“Rio” is one of those films that sneaks up on you. You are watching it, enjoying it, appreciating that it is entertaining and not trying to hard, and then as it steers itself towards its final moments, you find yourself a bit bummed that it is over.
As a young girl, Linda (Leslie Mann) discovers a box on the street containing a baby blue macaw. And so naturally, Linda keeps the bird as her own. Jumping forward to present day, Linda owns a little book store and she and her macaw, Blu (Jesse Eisenberg) are inseparable. They brush their teeth together, work as a team in making breakfast for each other and in all ways compliment one another perfectly. Linda leads a fairly simple life and Blu is not only her pet bird but also her best and only friend. Blu has become so domesticated that he has never learned to fly and has no desire to ever learn or try. His life is with Linda and his life is perfect.Linda and Blu’s world is turned upside down when Tulio (Rodrigo Santoro) enters their life. Tulio spots Blu in the storefront window and bursts into the book store and simply cannot contain himself with excitement. Although his sales pitch initially comes off a bit sketchy and off-putting, he eventually informs Linda that he has been traveling thousands of miles for a bird like Blu. As Blu has been living the domesticated life with Linda, it turns out that the macaw population is near complete and total extinction. Tulio runs a Brazilian animal sanctuary and has the last known female macaw in his possession. After much convincing, Linda agrees to travel with Blu to the sanctuary in Rio de Janiero to see if a connection can be made between the birds, the final and desperate last step in attempting to preserve the macaw population.
Once in Rio, Linda and Blu are awestruck by a world they have never imagined. Animals are singing, Carnivale is happening all around them, and the world is as alive as Linda and Blu have ever seen. Once at the sanctuary, Blu is dropped into a bird-friendly environment and immediately falls for the beautiful female macaw, Jewel (Anne Hathaway). Blu’s excitement is suddenly muted when he learns that Jewel is unhappy in her surroundings and is desperately trying to escape from the sanctuary. Needless to say, she has no interest in making any new friendships, macaw or otherwise.
When another rescued bird, Nigel, a cockatoo, turns out to not be the sickly bird he appears to be, smugglers become involved and the story slides into more of an animated adventure tale. An orphaned boy (Jake T. Austin) who takes delivery jobs for the smugglers, stumbles upon the sanctuary and becomes an unlikely ally for Tulio and Linda. Eventually toucans, bulldogs, other native birds, and even a gang of ruthless marmosets all fall into the mix as Blu and Linda try to save themselves, their fellow sanctuary friends, and Blu attempts to find the “rhythm of his heart” in overcoming his fears of flying.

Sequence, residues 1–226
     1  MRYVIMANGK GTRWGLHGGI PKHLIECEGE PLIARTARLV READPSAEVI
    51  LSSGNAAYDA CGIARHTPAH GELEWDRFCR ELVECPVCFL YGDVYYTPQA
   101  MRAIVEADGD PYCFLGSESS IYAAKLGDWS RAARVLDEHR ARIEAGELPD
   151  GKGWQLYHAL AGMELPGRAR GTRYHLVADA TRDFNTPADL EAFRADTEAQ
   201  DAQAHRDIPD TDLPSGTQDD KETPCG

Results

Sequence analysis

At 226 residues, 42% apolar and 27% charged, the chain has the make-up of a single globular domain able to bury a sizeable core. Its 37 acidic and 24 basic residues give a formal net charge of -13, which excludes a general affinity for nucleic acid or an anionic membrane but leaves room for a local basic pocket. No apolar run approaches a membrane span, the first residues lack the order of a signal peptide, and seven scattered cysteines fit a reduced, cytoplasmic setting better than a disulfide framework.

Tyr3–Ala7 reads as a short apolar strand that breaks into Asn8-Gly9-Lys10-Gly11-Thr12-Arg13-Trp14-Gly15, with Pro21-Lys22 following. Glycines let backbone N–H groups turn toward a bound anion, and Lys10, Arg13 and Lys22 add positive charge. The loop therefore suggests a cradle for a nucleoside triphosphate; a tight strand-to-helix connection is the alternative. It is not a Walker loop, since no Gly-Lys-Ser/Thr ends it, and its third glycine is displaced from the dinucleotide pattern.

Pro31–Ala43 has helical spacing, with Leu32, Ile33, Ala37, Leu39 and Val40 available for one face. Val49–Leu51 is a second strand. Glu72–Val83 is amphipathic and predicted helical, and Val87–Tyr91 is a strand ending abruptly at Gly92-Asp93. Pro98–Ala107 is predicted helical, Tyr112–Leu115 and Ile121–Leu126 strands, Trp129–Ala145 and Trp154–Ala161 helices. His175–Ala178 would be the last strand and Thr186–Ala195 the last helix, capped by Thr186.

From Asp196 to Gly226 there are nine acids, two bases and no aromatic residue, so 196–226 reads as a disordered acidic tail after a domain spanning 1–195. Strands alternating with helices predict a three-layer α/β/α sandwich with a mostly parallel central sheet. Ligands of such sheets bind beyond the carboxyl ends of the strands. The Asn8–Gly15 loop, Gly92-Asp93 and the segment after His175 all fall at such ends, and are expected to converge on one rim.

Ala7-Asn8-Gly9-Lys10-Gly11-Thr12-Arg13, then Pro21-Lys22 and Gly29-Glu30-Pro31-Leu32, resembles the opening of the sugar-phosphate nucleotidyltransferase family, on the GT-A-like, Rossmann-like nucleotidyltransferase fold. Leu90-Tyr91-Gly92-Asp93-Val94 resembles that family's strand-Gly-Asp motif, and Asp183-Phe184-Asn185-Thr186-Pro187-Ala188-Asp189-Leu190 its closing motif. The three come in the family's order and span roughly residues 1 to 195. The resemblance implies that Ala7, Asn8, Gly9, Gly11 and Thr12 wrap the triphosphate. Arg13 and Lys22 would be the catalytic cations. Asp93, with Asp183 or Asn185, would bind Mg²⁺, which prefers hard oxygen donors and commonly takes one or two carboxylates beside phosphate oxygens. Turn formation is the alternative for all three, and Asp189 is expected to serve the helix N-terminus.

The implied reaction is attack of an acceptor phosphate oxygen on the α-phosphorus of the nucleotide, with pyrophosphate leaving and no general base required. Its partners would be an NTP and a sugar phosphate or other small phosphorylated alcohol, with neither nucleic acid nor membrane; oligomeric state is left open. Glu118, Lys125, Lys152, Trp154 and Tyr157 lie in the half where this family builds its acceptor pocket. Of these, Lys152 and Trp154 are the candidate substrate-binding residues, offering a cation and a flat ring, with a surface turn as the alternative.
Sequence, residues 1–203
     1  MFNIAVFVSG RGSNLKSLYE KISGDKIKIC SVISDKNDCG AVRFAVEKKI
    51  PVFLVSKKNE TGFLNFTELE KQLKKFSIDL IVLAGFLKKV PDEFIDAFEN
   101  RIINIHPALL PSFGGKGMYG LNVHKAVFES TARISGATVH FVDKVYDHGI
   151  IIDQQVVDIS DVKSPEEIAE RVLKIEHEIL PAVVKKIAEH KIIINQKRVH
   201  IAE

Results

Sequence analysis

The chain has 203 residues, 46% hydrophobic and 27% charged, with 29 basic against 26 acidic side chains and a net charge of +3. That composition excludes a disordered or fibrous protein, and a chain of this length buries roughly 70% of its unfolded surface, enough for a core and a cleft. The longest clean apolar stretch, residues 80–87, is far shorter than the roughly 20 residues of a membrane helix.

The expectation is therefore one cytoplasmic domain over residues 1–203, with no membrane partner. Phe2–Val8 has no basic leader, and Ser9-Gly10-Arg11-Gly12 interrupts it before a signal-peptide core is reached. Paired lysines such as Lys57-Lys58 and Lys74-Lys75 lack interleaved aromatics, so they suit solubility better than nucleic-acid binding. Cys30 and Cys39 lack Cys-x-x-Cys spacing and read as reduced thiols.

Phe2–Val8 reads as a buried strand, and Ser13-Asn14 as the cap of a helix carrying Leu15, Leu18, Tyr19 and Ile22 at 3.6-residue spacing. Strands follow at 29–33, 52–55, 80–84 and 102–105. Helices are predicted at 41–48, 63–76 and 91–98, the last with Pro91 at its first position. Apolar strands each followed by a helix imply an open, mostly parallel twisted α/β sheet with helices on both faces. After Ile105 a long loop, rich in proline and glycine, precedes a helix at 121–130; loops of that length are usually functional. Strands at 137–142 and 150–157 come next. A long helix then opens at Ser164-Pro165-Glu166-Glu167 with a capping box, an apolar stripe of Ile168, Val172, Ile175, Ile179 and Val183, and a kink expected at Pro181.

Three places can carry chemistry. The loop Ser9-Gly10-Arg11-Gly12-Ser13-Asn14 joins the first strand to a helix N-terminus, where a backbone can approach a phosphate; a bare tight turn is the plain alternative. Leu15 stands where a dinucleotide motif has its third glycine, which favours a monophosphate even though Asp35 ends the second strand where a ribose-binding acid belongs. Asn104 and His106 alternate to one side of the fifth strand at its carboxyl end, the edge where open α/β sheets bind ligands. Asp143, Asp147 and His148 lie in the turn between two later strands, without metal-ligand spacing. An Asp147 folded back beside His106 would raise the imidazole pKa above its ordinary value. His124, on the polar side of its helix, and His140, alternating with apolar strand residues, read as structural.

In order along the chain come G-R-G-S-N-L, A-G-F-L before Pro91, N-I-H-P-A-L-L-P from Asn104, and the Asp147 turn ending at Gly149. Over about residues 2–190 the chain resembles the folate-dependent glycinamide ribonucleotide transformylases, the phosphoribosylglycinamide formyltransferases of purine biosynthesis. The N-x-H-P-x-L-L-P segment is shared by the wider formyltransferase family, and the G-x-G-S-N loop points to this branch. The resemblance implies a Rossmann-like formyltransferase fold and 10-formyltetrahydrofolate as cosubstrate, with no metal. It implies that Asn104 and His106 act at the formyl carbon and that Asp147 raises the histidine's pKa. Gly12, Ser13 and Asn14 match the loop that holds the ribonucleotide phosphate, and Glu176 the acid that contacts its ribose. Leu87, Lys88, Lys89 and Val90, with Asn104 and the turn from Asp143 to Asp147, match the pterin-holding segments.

One of the things that strikes you from the outset is how well made “Rio” is. The film is brilliantly drawn and created with as vibrant a color palette as you are likely to find in any recent animated film. Even with a dimmer and suppressed 3-D visual, “Rio” is a joy to watch and it reaps great visual rewards.
If you are familiar with Jesse Eisenberg’s work as Mark Zuckerberg in “The Social Network”, his now-unmistakable drone and diction may not seem to match with a rare and prized blue macaw. Eisenberg is subtle and effective in dancing around the words written by Don Rhymer and conveys a nice combination of anxiety, eagerness, and a likability one may not expect from him. He strikes a nice chemistry with Anne Hathaway, who again reminds us of her underrated sense of comedic timing and sensibilities.
With the story focused on Blu and Jewel for a great deal of time, there is not a whole lot for the supporting characters to do here. Jamie Foxx and will.i.am of the Black Eyed Peas as Nico and Pedro, respectively, are a frenzied pair of birds who talk fast and lead us through a song or two. George Lopez has some funny moments as a toucan father overwhelmed by countless young toucans. Leslie Mann and Rodrigo Santoro play well off one another as Linda and Tulio and the film, assisted by effective vocal work, draws you in with its warm and inviting vocal and visual tone.
I do want to mention that Jemaine Clement, best known for his work on the HBO series “Flight of the Conchords” is tremendously entertaining as the villainous cockatoo Nigel. He delivers his lines expertly and even scores a Conchords-esque rap/sung parody piece that fans of the series will find most entertaining. Clement steals the show, not surprising perhaps if you are familiar with his other work.
“Rio” never sets out to be anything more than a family film with some comedy, music, and light adventure thrown in. I can understand complaints that the film is too simple, safe, and rather bland in its final presentation. Yet, I distance myself from that view because I never had the impression that “Rio” wanted to be anything other than a nice escape for families. “Rio” is a nice reminder that simple is sometimes better.